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mysqli or PDO - what are the pros and cons?

I recently asked a question that resulted in people telling me to use "PDO" over MySQL. Why is that? What advantages does it have over the other?

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marked as duplicate by Michael Berkowski, Juhana, animuson, Dagon, vascowhite May 29 '12 at 20:06

This question has been asked before and already has an answer. If those answers do not fully address your question, please ask a new question.

It's PDO, standing for PHP Data Objects, not POD. –  nickb May 29 '12 at 20:01
For clarification, you'd still be accessing a MySQL database. PDO is just another (better) way to access it - for example you get query parameterisation that you can't do with the standard mysql functions. –  halfer May 29 '12 at 20:05
PDO is an library that provides object oriented abstraction for interaction with different database engines (MySQL, PostgreSQL, and so on), so you use only one API to handle all connections. Furthermore, PDO supports prepared statements, which mean that instead of entering all parameters in SQL queries you put only placeholders and then bind proper values when trying to execute query. This prevents or at least makes it really hard to perform SQL injection attack on your application. –  Tomasz Kowalczyk May 29 '12 at 20:08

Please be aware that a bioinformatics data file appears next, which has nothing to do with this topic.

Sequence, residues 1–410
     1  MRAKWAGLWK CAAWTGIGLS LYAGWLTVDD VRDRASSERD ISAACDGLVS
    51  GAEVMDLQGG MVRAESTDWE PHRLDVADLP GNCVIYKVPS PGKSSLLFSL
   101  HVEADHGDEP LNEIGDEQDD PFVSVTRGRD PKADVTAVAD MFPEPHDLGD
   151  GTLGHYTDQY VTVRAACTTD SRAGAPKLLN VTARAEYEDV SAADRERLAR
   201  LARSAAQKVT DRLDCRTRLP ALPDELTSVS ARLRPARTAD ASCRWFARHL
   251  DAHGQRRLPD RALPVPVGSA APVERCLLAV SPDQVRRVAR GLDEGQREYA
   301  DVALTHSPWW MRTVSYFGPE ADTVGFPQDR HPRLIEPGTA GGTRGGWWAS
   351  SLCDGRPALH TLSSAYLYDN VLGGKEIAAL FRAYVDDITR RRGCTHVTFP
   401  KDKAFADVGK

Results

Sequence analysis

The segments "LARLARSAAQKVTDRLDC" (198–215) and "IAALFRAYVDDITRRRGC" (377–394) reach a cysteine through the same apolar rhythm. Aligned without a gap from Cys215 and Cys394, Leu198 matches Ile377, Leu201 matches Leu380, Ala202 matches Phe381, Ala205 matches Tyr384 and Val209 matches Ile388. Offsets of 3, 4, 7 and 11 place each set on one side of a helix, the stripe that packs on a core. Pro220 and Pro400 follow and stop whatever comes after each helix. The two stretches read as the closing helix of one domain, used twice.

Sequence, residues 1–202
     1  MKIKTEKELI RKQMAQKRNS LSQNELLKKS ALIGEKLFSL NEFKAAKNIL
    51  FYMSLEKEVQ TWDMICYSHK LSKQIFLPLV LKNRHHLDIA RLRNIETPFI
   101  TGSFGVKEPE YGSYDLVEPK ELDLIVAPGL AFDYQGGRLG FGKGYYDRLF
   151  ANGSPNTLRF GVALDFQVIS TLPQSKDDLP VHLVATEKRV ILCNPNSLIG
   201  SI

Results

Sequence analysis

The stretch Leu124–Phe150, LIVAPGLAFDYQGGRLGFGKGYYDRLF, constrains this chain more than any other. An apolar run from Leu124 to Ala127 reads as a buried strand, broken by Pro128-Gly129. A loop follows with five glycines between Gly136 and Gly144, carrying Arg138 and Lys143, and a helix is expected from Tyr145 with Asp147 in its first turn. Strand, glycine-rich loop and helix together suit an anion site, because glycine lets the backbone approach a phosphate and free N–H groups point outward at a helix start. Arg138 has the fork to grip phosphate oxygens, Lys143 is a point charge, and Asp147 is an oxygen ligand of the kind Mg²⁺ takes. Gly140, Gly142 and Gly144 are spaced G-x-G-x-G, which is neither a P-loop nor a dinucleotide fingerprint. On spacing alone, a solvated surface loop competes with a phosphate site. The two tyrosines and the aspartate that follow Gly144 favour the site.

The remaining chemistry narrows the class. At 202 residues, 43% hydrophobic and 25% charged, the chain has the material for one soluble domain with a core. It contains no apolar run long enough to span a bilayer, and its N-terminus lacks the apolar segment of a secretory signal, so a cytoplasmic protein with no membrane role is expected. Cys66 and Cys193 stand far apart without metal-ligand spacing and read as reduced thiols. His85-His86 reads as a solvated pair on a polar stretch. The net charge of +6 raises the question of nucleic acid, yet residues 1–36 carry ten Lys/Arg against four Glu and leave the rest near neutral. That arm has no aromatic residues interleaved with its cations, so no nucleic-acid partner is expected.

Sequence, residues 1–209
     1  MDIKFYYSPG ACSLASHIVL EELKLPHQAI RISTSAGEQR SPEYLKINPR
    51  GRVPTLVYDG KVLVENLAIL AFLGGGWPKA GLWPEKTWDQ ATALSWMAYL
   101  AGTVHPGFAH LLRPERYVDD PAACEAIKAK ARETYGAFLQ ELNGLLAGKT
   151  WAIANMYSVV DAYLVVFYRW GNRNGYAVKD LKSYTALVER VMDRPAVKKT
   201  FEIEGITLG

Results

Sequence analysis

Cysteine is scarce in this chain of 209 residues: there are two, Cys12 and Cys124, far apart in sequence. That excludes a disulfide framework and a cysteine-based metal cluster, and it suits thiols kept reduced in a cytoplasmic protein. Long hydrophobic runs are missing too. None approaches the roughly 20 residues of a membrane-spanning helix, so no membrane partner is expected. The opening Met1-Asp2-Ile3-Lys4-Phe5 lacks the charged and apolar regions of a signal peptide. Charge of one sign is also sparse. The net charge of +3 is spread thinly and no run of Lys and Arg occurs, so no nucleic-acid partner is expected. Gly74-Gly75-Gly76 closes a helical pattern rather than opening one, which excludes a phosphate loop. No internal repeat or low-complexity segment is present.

Here is very nice tutorial on PDO a2znotes.blogspot.in/2014/09/introduction-to-pdo.html –  RN Kushwaha Sep 12 at 17:37

3 Answers 3

up vote 6 down vote accepted

The mysql_* functions are no longer maintained and community has begun the deprecation process. Instead you should learn about prepared statements and use either PDO or MySQLi.

If you cannot decide, this article should help you choose. Though, you should know, that PDO is able to work with different kinds of RDBMS, while MySQLi is made for a specific one.

In case you decide to go with PDO, it's recommended you follow this tutorial.

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For one, mysql_* functions will be deprecated.

Secondly, PDO functions are easier to use and can be used with non-MySQL databses.

Also worth noting might be that you don't have to use PDO, mysqli is fine as well!

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Correction : they will be deprecatred. Such a deprecation is not yet mentioned in the MySQL extension manual –  Michael Berkowski May 29 '12 at 20:02
Thanks for pointing that out - updated my answer. –  Jeroen May 29 '12 at 20:04

PDO provides you with uniform methods to access various kinds of database. Having a quick look on the Internet could be beneficial.

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